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Independence Day: No More Probate Court! 

Posted by on Jun 26, 2018 in Legal News |


Independence Day is coming up soon, and you’re probably already thinking of ways in which you can celebrate one of America’s most fun holidays. In between all the red, white, and blue, remember that the idea of independence can stretch across all kinds of areas, including those that you hold most dear. Have you thought about your future lately? And not just what you’re going to do tomorrow, or even weeks from now, but the future that will go on after you pass away. 

Estate planning helps you prepare for such a future. It ensures that you’re able to spare your family the tedium and expensiveness of probate court via tools such as living trusts, gifts, and documents that will help keep your estate out of the legal system. In this article, we’ll talk about why your estate needs its “independence” from probate court. 

What is probate court? 

After you die, the world is left with your estate, which includes, among many things, your assets and debts. Your asset need to be distributed, as do your debts. Probate court is a special area of the legal system in which a judge uses your assets to pay off your debts, and then assigns whatever is left to your relatives. It’s basically the management and distribution of your estate using the legal process. Someone in your family is assigned the position of executor, and it is his or her job to oversee the winding down of the estate. 

The Costs of Probate Court

Probate court can take at least a year, and there’s absolutely no guarantee that you’ll be able to have your assets distributed the way you want. There’s also no guarantee that your debts will be paid off in a manner you find appropriate for your family’s financial situation. The judge’s first goal is to get the creditors and IRS paid. Your loved ones come second to debtors and tax collectors. 

While your estate is tied up (the more complicated the estate, the longer it’ll take), your family won’t have access to your assets. If they need money to pay bills, they are out of luck for the duration of the court process. Probate court requires a judge’s approval for basically every little thing. If your family goes through probate, a judge will run interference throughout the whole process, which will make the whole estate windup very protracted. 

There’s also the expense of a legal proceeding. Filing fees can be several hundred dollars. While these fees come out of the assets of your estate, that’s still giving money to the courts that could have gone to something your family really needed. 

Zero Privacy

Lastly, probate is not a private process. Probate court records are a public matter, and information about your liabilities, assets, representatives, and beneficiaries are all out there for the public to see. If someone wants to know something about you, they can read the probate file easily to find out, whether they do it by asking a county clerk (who is unlikely to care why the person wants to read your file) or by going online. Avoiding probate means that your family gets privacy.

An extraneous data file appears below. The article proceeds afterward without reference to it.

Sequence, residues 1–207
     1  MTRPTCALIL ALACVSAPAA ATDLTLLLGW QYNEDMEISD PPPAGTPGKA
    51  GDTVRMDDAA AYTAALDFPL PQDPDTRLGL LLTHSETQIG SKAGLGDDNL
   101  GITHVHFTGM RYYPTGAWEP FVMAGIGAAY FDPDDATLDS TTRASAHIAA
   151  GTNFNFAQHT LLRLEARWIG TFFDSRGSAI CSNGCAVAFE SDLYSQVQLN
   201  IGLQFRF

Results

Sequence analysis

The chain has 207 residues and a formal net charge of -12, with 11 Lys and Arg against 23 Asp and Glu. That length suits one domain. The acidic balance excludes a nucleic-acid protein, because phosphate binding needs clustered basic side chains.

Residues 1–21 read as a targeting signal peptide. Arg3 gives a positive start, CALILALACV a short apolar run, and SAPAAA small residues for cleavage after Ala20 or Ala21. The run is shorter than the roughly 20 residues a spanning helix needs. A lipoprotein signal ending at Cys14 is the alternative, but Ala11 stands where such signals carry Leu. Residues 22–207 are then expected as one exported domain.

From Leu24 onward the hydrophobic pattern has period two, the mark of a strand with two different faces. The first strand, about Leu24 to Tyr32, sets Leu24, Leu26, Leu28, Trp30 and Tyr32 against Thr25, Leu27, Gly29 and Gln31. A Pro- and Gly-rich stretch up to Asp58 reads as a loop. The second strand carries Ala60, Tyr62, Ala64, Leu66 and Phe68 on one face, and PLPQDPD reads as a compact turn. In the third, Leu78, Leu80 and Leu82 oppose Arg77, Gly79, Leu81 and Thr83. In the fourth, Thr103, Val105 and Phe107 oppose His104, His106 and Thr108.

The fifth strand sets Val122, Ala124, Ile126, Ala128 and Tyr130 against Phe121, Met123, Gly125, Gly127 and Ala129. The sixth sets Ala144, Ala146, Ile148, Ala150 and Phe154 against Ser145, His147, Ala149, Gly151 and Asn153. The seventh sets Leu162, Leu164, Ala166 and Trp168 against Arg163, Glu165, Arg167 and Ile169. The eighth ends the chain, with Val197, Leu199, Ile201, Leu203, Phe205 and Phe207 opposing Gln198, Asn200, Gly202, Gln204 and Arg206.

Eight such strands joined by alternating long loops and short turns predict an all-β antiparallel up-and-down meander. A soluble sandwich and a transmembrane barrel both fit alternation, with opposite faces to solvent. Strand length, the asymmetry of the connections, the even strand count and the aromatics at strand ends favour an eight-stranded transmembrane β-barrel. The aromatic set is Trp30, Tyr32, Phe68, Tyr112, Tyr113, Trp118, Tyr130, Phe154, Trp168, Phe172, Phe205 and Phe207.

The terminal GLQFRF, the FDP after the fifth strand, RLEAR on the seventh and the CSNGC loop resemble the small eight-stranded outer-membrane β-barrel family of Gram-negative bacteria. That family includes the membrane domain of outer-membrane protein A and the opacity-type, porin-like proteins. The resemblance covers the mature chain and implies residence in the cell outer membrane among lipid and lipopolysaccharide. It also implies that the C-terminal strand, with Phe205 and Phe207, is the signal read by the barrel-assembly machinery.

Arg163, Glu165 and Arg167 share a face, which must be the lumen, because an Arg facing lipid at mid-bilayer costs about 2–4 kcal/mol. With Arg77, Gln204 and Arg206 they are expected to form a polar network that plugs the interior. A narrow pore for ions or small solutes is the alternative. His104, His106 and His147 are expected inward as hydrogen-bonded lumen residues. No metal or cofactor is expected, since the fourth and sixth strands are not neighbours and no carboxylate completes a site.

Estate planning tools are there to help your family avoid the tedium, expense, and lack of privacy that comes with probate court. There are legal mechanisms that can give your family immediate access to your assets without requiring them to pass through court. Consult a planner today to make sure you’re getting your own “Independence Day” from costly and time-consuming legal processes. 

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Power of the POA

Posted by on Jun 26, 2018 in Legal News |

When you think of estate planning, you might picture in your head a last will and testament from someone who’s ninety years old. That, however, is not the case at all (though certainly that is a common document and age range). Estate planning is a young man’s game too, and college kids need a power of attorney the same way someone five decades their senior does.

You should encourage the college-age kids in your life to get a power of attorney. In this article, we’ll discuss what a power of attorney is, as well as why college-age people should have one.

What is a Power of Attorney? 

If you become unable to manage your own affairs due to incapacitation (illness, injury, mental incompetence, etc.), a power of attorney is the person you legally appoint to manage your affairs in your place. Even if you have absolutely no problems on the horizon and are in perfect health, you still should have a power of attorney. There are a few different types of power of attorney. These include general, special, and healthcare. You should also know the term “durable power of attorney.” 

General power of attorney gives a person broad authority to act on your behalf for a wide range of different issues. This type of POA is included in an estate plan most often. The special power of attorney is narrower in scope, and you assign to the special POA only those powers you wish them to have. A healthcare POA makes healthcare decisions for you if you’re too sick or injured to make them.